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January 2012
What's Happening

Washington State Board project – IHELP Executive Director Nancy Shulock and IHELP Faculty Associate Mary Kirlin are conducting in-person and phone interviews with education and policy leaders in Washington State as part of a case study of the Washington State Board for Community and Technical Colleges (SBCTC). The purpose of the study, sponsored by the Bill and Melinda Gates Foundation, is to learn about the key developments, strategies, and factors that have led to the effectiveness of the Board as a coordinating agency over locally governed colleges and to produce information that can be useful to other states that seek to improve the effectiveness of postsecondary education in serving students and meeting state needs. 

IHELP Presents at UC/ACCORD Convening – IHELP Director Nancy Shulock gave an invited presentation and served as a discussant at the UC/ACCORD’s “Pathways to Postsecondary Success” convening at the University of California, San Diego. The UC “Pathways” project is studying the institutional “indicators” of student success in community colleges, building on its indicators work for K-12. The goal is to learn about and highlight conditions at colleges that are related to promoting student success. Nancy’s presentation covered IHELP’s recent and current work on community college career technical education programs and how it relates to the college completion agenda. Click here to view the presentation.

NEW Jobs for the Future report – IHELP, in partnership with Jobs for the Future (JFF), will publish a new report that examines student progress through high-value career programs in community colleges. IHELP analyzed data from Florida and New York to learn about patterns of student enrollment, persistence through intermediate milestones, and success in high-value CTE certificate and degree programs.

A Call for Input on CTE Policy Issues - IHELP researchers are continuing to focus on CTE in the California Community Colleges with the ultimate goal of understanding how state policy can best support the operation and effectiveness of the CTE mission. This involves learning how current policies may present barriers to more effective implementation of CTE programs. This research is motivated by the supposition that many of the policies that affect CTE operation were designed primarily with the academic transfer mission in mind and may not work as well for CTE faculty, staff, or students or for employers. IHELP researchers are eager to learn from CTE educators around the state and are scheduling phone calls, site visits, and meetings. If you would like to give us your thoughts, please contact us at ihelp@csus.edu.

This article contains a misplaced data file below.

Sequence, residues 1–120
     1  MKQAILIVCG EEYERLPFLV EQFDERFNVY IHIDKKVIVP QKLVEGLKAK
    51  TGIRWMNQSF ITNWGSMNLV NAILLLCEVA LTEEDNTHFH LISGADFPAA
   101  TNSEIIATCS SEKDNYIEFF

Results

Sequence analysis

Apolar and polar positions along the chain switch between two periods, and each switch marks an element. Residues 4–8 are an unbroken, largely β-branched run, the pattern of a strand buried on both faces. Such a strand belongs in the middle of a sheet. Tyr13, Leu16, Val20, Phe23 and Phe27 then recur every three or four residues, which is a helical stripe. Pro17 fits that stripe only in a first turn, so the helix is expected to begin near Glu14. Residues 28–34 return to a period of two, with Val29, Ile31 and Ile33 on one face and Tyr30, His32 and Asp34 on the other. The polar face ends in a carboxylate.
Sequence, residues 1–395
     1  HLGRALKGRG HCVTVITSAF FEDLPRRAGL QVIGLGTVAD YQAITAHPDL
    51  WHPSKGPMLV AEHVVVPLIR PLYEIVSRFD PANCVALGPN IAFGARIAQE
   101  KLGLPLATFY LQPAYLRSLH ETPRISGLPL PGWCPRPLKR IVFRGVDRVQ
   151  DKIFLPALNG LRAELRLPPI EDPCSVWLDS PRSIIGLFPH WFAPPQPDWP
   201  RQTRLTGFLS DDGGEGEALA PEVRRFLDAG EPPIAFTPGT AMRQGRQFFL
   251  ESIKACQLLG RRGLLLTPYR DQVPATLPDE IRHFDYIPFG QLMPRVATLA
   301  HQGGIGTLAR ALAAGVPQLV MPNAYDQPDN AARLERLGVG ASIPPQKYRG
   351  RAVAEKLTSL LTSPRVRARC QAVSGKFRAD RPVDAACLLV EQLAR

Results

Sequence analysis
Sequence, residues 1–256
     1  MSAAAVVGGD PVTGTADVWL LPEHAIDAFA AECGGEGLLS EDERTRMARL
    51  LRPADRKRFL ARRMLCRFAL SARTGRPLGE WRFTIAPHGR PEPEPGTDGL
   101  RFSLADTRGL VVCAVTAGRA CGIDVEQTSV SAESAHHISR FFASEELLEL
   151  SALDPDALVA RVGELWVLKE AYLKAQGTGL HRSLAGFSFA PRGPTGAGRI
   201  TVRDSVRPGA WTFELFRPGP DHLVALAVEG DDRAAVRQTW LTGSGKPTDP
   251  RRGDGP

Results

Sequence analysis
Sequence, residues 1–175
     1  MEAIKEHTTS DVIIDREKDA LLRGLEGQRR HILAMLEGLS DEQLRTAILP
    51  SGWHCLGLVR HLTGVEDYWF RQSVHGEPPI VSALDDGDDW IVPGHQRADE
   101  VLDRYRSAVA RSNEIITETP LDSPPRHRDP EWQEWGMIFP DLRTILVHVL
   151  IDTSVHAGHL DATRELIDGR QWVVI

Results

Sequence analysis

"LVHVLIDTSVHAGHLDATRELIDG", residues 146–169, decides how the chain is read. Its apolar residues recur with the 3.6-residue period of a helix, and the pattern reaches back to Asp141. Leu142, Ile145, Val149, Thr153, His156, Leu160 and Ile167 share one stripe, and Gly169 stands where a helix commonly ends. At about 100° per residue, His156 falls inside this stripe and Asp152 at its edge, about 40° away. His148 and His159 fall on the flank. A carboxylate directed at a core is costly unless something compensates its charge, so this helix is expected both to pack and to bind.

Features This Month

Career Opportunities: Career Technical Education and the College Completion Agenda – Part 1: Structure and Funding of Career Technical Education in the California Community Colleges

IHELP’s newest report is the first in a four-part series on career technical education in the California Community Colleges. The project, funded by The James Irvine Foundation, is aimed at identifying ways that state and system policy can best support California’s community colleges in operating CTE programs that meet the needs of their students and regions. In this first report, researchers describe the complex organizational structure and funding arrangements for the CTE mission and the closely related economic and workforce development mission. Researchers also offer a set of criteria, based on a literature review, that characterize an effective CTE mission and identify five key issues that will need to be addressed as efforts proceed to increase the effectiveness of CTE in the California Community Colleges.